Our Executive Producer Sho Shibata elaborates on how Stopgap’s artistic and developmental work strategically align to make a difference in the wider world and the industry.
“We are putting the artistic vision at the heart and rethinking how we can build out from that to affect social change.”
Stopgap’s dance artists have encountered many journalists throughout the last two decades and have experienced that there are very few journalists who have in-depth knowledge of both arts and disability. This can make the interview process awkward sometimes, which can result in the article becoming rather diluted. I find that the main issue quite often comes from the fact that there is a mismatch between our artists wanting to talk about the art and the journalists wanting to talk about disability and issues surrounding social barriers. The journalists’ underlying reasons are varied; it could be that s/he assumes that our work would be all about disability issues, or in extreme cases they assume that the company is doing disabled people a favour by allowing them on stage…! In response to this, I’ve created an information sheet for journalists to break the company’s work down to the basics, but in this blog, I’ve reframed it for the followers of Stopgap Dance Company.
Why our artists want to talk about the art and not about disability per se
To put it in a nutshell, it’s because the social model of disability is firmly embedded in our Artistic Director Lucy Bennett’s creative process. Creating a barrier-free environment both in attitudes and physical space has become second nature for all the artists at Stopgap Dance Company, and any newcomers get appropriate training but they mostly learn by osmosis. This inclusive culture at Stopgap enables them to explore a fuller range of things they see in the world by allowing them not to get fixated on disability versus non-disability. Their artistic work is therefore rarely about disability issues per se nor is it about direct activism. They simply want to make an original performance first and foremost that the audience will hopefully enjoy.
This is not to say that our artists cover up or ignore their differences. It’s quite the contrary. To really get things working, Lucy’s creative process requires that all the dancers acknowledge each other’s individual differences and that the creative spark lies in these being blended together. The fact that inclusive culture comes so naturally to our artists means that they are less bothered about talking about how disability or non-disability play a role in the work. They are more excited about the work that comes out of the process, and that outcome is usually what they want to talk about. And that’s fair enough, since in their eyes, that is the real fruits of their labours…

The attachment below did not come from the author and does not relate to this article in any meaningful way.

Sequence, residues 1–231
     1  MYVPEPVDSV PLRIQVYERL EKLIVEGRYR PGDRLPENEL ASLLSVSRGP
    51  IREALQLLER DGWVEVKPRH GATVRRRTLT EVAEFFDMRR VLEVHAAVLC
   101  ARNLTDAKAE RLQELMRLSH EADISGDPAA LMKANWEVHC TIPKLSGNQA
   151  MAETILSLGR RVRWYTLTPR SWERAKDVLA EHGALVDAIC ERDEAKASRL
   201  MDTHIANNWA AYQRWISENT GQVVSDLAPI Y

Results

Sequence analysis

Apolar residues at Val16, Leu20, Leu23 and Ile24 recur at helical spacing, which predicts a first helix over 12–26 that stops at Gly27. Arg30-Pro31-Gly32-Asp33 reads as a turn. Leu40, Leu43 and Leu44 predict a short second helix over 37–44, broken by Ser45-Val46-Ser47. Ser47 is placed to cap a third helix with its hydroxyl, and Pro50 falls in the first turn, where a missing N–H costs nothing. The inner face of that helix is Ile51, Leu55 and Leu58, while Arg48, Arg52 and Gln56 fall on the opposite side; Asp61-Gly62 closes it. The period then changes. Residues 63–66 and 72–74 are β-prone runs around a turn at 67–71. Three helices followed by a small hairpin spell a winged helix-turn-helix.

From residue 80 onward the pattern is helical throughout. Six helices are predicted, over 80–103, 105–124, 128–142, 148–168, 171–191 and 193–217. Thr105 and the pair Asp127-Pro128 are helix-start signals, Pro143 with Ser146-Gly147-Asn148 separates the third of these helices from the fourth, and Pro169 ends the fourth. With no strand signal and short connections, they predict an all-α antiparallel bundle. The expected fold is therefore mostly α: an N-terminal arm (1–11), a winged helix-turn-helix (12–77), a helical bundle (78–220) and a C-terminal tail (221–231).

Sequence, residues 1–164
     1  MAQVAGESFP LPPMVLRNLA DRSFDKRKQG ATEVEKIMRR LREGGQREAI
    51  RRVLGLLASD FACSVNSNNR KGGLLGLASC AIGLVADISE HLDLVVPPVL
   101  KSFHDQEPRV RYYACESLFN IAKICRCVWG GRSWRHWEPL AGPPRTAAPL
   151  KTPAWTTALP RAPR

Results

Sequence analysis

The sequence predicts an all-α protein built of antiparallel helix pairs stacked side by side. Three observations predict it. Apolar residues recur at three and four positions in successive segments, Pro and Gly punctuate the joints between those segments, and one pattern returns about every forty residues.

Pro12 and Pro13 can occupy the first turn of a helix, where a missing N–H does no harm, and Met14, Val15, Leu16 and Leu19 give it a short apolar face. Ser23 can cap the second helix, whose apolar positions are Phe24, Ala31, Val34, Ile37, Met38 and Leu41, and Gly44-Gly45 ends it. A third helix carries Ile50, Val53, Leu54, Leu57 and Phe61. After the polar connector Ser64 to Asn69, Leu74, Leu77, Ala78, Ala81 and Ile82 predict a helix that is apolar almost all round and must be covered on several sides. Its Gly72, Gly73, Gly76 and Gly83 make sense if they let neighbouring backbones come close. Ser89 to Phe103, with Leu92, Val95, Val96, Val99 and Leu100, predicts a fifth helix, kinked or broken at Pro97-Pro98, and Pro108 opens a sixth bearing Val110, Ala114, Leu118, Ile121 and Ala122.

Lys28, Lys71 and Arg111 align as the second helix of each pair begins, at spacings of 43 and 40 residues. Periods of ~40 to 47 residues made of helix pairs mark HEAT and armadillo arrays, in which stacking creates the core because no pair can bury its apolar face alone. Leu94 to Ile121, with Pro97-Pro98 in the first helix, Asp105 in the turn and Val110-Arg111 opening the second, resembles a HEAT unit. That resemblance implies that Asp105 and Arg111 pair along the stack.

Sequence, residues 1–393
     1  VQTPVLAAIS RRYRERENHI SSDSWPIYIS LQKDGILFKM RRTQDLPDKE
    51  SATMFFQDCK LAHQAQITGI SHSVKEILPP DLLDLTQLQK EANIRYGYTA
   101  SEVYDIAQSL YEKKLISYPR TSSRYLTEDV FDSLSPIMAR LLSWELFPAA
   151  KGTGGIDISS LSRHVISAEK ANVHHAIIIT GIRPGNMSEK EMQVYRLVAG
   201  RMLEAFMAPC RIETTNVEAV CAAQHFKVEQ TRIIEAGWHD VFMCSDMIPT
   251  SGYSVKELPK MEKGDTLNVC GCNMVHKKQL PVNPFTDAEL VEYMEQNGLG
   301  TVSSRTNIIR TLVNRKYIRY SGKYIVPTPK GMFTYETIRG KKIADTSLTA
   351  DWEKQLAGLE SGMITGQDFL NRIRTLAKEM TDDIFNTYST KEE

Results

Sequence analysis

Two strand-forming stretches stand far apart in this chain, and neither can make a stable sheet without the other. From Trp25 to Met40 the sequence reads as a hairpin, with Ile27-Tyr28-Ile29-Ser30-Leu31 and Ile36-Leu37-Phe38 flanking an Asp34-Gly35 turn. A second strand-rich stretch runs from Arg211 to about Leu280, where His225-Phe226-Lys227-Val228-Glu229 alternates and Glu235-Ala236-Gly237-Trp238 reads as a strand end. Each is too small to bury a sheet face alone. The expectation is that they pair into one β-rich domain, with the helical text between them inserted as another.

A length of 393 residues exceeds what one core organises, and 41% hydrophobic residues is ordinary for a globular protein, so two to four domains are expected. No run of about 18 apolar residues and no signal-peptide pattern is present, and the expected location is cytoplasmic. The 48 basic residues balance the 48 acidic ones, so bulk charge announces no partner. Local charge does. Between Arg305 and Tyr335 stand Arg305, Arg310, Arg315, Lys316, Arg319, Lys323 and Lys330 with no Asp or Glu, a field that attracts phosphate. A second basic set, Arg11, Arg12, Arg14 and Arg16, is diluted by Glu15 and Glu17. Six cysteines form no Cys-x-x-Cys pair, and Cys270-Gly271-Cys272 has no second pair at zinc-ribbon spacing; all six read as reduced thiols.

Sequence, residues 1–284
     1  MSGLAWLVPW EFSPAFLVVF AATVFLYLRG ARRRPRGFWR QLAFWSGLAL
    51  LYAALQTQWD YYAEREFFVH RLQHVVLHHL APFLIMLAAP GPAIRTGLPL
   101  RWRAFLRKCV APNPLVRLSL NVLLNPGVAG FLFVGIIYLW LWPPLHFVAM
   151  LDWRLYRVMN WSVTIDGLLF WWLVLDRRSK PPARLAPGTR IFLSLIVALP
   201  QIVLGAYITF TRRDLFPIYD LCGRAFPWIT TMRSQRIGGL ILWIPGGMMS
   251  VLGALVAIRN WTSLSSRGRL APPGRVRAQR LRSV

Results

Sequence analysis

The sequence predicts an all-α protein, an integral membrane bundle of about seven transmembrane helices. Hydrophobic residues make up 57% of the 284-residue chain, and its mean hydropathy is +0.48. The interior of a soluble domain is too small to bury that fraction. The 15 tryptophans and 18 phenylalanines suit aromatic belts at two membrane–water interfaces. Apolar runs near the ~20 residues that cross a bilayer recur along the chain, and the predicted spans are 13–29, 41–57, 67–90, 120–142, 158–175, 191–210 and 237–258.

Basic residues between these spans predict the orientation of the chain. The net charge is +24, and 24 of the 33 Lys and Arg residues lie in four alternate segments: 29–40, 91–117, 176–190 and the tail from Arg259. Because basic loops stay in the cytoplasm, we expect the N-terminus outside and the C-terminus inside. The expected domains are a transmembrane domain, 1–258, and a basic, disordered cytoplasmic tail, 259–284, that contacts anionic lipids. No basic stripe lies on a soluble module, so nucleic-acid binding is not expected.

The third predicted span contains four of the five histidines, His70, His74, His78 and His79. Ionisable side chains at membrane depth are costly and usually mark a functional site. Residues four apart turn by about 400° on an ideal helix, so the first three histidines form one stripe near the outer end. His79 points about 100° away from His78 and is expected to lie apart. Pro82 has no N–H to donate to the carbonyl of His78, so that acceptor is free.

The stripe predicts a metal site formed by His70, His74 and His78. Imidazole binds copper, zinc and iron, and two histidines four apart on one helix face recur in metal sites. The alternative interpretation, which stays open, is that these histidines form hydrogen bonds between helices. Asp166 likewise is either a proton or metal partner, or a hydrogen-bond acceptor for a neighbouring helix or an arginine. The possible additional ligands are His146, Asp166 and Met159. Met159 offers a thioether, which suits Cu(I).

But being a producer, I’m of course very appreciative of why some journalist (and audiences sometimes) would want to talk about disability and it would be untrue to think that Stopgap’s work does not have any impact on the social inclusion agenda. So in the information sheet, I’ve written out the shape in which our company as a whole want to address disability issues, and I suppose this forms the core mission for the social impact of the company. Thinking about our social mission in fact became a very useful exercise. I’m very conscious that our core funder Arts Council England is developing a 10-year vision for its investment strategy for 2020-2030, where they are planning to ask funded organisations to start thinking about the social relevance of our creative activities. I think this is fair enough – if we are using public money, we need to reflect this by becoming organisations that can engage with and reflect the wider public better.
What is Stopgap’s social impact that we want the journalists to write about?
I’ve written in the information sheet that:
“As a whole organisation, we do advocate for a more equal society but we do this by showcasing works that depict social interaction between disabled and non-disabled people as a matter of fact. Our work invariably advocates for an inclusive society, but this social mission is quite separate from our artistic ambitions.”
- 67% of the British public feel uncomfortable talking to disabled people
- 43% of the British public do not know anyone who is disabled
- 36% of the British public tend to think of disabled people as not as productive as everyone else
Source – Attitude survey by Scope